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Građanski odbor za ljudska prava

Conclusions from the round-table discussion titled

 

LEGAL PATH – SIDEWAYS?

 

Restitution of damage through courts due to the killing of a close person in Croatia in the period between 1991 and 1995 – Problems and Perspectives

 

The discussion held in Zagreb on 8 December 2009 with the topic of restitution of damage for all war victims gathered representatives from the institutions of the executive authority of the Republic of Croatia, judiciary, international institutions and organisations for human rights. It was stressed that numerous family members of war crimes victims did not receive neither moral, nor material satisfaction. Their suffering remains unrecognised, the perpetrators of crimes were not criminally prosecuted and the majority of the victims’ family members lost lawsuits for restitution of damage filed against the Republic of Croatia. 

 

A total of 50 indemnity procedures conducted following the death, disappearance or wounding were analysed. Some of the analysed court cases have not yet been completed with a legally valid court verdict. Family members in the aforementioned 50 cases of violent deaths stated in their damage claims that the causes of deaths were: injuries caused by firearms, blows inflicted by hands or legs, and stabbing wounds made by knives, or a person disappeared and was declared missing while the exact cause of death remained unknown. According to the documentation available, we are aware that criminal charges of murders were filed in at least nine cases. In the majority of cases, those are non-investigated crimes at the pre-investigation stage where procedures are conducted against unknown perpetrators. The analysed procedures were presented in more detail in the texts prepared for the round table[1].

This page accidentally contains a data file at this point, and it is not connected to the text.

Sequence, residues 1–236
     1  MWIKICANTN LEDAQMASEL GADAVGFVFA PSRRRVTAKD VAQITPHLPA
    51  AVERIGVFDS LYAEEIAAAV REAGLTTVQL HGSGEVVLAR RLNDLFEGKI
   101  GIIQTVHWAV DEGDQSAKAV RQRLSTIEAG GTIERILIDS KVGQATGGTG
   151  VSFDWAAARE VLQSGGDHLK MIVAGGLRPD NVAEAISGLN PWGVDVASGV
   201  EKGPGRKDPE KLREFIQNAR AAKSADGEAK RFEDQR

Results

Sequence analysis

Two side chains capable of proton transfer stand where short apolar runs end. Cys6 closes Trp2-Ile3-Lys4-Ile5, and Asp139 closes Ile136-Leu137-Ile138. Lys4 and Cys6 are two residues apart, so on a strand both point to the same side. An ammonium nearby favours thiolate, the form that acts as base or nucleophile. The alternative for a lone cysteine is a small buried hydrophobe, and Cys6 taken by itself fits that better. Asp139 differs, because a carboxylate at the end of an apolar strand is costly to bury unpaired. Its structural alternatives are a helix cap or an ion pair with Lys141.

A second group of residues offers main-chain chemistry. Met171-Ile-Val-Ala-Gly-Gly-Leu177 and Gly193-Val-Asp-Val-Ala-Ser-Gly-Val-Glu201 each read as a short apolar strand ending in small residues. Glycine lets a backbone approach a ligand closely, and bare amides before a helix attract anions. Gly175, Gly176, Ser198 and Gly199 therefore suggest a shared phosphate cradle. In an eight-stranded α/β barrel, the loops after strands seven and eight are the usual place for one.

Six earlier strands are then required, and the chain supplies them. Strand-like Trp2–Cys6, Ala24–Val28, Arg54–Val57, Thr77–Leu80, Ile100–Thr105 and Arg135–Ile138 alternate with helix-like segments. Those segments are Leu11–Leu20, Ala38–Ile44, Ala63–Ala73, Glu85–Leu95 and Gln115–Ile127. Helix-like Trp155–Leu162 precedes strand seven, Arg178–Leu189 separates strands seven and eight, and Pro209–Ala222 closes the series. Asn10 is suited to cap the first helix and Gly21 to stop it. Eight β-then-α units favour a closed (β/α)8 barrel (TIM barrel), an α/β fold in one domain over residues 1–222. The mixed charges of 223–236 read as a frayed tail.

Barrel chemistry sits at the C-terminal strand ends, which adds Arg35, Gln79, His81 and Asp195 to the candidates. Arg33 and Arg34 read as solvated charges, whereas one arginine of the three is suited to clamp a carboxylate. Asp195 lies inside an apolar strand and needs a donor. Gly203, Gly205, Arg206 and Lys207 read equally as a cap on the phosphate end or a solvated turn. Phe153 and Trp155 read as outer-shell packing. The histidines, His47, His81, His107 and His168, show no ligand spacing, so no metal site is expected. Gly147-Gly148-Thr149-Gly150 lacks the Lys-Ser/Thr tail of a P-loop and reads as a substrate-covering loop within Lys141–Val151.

In the lawsuits for restitution of damage, the RoC attempted to resolve the issue of responsibility for the damage caused during the Homeland War by way of application of three laws,[2] but many people not only did not receive restitution, but they were obliged to pay huge expenses of the lawsuits. Unlike the sufferers who exercised the right to receive a support by way of application of other laws[3], family members of killed civilians have not received any form of damage restitution since the commission of the crime.

 

It was concluded that no-one was satisfied with the open and still unresolved process of compensations which has, so far, lacked political will, thus it is necessary to do the following:

  1. to urgently resolve the issue of payment of litigation expenses in the lawsuits for restitution of damage due to the killing of a close person;
  2. to seriously and responsibly approach the issue of compensating all victims to be done by the Government, the legislator and the judiciary in order to ensure recognition of suffering of families of the killed and provide just compensation of damage for all victims of gross violations of international human rights law and serious violations of the international humanitarian law;
  3. to ensure the official translation of the United Nations’ General Assembly Resolution adopted on 16 December 2005 titled Basic Principles and Guidelines on the Right to a Remedy and Reparation for the Victims of Gross Violations of International Human Rights Law and Serious Violations of the International Humanitarian Law[4] pertaining to compensation, restitution, rehabilitation, resolving the destiny of the missing people, symbolic reparation and a guarantee that the crime will not be repeated;
  4. to continue discussion among all participants for the purpose of ensuring a fair legal mechanism for the restitution of damage caused by the killing of close persons in compliance with the United Nations’ Basic Principles and Guidelines on the Right to a Remedy and Reparation for the Victims. While searching for the model of compensating victims, the legislator could act according to the standards established by the Act on Financial Compensation to the Victims of Criminal Acts[5] and offer to all victims of war crimes restitution in the form of a special, legally stipulated measure.